Q: I’m assuming you read aloud to your children when they were toddlers?

A: Oh yes, and years after they were toddlers, too.

Q: As crucial as this bonding experience is between a parent and child, a lot of today’s moms and dads who are dual wage earners or are single heads of households lament that they just don’t have enough time to read aloud, much less play games. What impact does this have on a child when s/he starts school?

A: Some older teachers say that kids aren’t as smart as they used to be. I think part of that is the need for faster and flashier stimulation than a book affords. Yet, earlier this year as a volunteer story reader at a day care, I found that the children were, in general, very good at listening to stories. I also never saw a TV on there.

Reading and playing with children is important, but I believe that a lot is also accomplished through solitary and group play with generic toys that encourage creativity.

Q: Every year there seems to be a strong push to get technology into the hands of children at a younger and younger age. In your view, what are the pros and cons of this approach to early learning?

A: Pro—it’s the way our world is, and children need to be ready for it. Also, some learning technology is highly interactive. I’m attempting to learn French with a free online program and a set of DVDs I’ve borrowed from the library, and I think they’re pretty effective.

Con—I think some children are less able to entertain themselves or to pay attention to what’s going on around them. And they are losing the ability to interact with others through play. I see these as real losses, and I’m always encouraged when parents limit screen time.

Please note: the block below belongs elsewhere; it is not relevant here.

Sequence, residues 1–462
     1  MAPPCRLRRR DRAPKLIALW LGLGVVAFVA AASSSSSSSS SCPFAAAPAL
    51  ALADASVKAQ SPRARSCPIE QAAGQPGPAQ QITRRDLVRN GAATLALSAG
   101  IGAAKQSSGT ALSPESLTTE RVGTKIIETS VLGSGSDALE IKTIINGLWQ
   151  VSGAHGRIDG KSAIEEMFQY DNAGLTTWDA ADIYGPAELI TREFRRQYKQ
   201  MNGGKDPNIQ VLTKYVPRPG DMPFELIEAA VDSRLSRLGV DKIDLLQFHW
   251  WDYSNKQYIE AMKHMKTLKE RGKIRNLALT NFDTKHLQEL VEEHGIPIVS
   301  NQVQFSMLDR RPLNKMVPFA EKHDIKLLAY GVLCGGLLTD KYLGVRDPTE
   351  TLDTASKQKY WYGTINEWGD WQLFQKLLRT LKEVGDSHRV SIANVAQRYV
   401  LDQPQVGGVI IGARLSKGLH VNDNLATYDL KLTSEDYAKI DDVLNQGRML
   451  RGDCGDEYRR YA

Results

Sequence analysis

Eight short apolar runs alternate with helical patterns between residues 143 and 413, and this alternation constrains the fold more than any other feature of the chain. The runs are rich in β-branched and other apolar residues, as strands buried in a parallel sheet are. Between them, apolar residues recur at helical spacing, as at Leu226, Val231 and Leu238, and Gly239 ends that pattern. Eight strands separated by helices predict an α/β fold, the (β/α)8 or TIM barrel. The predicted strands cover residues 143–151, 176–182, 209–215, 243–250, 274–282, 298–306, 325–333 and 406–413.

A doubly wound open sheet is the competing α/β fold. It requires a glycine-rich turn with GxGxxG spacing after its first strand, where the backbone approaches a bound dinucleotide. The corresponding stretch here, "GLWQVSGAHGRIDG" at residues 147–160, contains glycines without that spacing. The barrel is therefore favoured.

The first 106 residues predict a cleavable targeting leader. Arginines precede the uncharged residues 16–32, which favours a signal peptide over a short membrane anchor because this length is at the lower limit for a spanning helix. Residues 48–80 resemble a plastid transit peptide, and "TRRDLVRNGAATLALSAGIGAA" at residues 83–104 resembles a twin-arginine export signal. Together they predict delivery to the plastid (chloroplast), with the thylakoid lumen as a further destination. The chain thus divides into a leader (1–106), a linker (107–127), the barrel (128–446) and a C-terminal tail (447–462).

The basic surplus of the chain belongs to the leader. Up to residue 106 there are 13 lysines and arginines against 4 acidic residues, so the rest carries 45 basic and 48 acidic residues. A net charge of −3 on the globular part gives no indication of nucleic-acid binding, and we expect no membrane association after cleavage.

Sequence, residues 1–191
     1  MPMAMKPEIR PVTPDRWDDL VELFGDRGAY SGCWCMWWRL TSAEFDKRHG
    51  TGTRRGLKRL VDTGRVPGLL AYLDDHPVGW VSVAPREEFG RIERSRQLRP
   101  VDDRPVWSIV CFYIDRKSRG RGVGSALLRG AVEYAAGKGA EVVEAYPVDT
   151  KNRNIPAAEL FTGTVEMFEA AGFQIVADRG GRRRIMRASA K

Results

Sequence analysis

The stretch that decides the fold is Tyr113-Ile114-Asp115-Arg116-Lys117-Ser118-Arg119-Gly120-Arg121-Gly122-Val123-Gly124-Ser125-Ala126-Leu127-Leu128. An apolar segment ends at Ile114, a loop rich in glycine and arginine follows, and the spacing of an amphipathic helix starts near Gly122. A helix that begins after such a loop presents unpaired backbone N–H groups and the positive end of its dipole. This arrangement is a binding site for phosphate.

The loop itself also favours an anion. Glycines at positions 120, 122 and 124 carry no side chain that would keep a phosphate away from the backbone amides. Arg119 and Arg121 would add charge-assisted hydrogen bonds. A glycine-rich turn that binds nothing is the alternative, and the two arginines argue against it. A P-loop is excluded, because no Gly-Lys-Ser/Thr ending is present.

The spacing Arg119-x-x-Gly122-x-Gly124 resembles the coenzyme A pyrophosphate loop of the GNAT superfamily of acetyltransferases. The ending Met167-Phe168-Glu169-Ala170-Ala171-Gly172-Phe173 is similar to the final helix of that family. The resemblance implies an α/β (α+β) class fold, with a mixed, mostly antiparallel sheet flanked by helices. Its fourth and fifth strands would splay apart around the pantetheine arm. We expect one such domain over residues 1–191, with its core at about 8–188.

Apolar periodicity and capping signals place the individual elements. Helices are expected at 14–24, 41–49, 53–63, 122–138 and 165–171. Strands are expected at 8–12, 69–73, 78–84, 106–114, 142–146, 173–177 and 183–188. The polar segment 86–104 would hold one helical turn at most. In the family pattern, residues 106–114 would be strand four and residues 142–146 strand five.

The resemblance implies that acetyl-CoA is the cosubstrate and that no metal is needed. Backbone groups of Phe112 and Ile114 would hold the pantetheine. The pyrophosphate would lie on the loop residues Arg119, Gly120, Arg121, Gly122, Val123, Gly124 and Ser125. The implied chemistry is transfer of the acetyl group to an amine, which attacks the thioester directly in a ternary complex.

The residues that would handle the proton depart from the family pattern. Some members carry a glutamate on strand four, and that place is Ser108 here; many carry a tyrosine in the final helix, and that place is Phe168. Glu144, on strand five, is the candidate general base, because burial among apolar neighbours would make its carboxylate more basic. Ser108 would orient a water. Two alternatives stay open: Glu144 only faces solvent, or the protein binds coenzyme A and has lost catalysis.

Q: Writing is a solitary pursuit. Do you allow anyone to read your work while it’s in progress or do you make everyone wait until it’s completely done?

A: Allow?? I insist! I love getting feedback.

Q: You’re giving your book away for free and yet this still requires marketing efforts on your part to let parents, grandparents and guardians know that it’s available. What steps are you taking to accomplish this?

A: I’ve posted a link on my website. There are several links to the book on my g+ page because I’ve posted it on several communities. I offer it to people I meet who show interest in the topic—and I ask people like you and The Edimath for reviews!

Q: What’s next on your plate?

A: The artist is coloring the pictures for Scissortown and then the marketing will begin in earnest, hopefully this month. (I have a reading at the Christian school booked for Jan. 27.) I’m also doing a course on Google AdWords.

Q: Anything else you’d like to add?

A: The e-book, Scissortown, and other books to follow are expressions of my love for my grandchildren and our enthusiasm for stories.

Q: Where can readers learn more about you?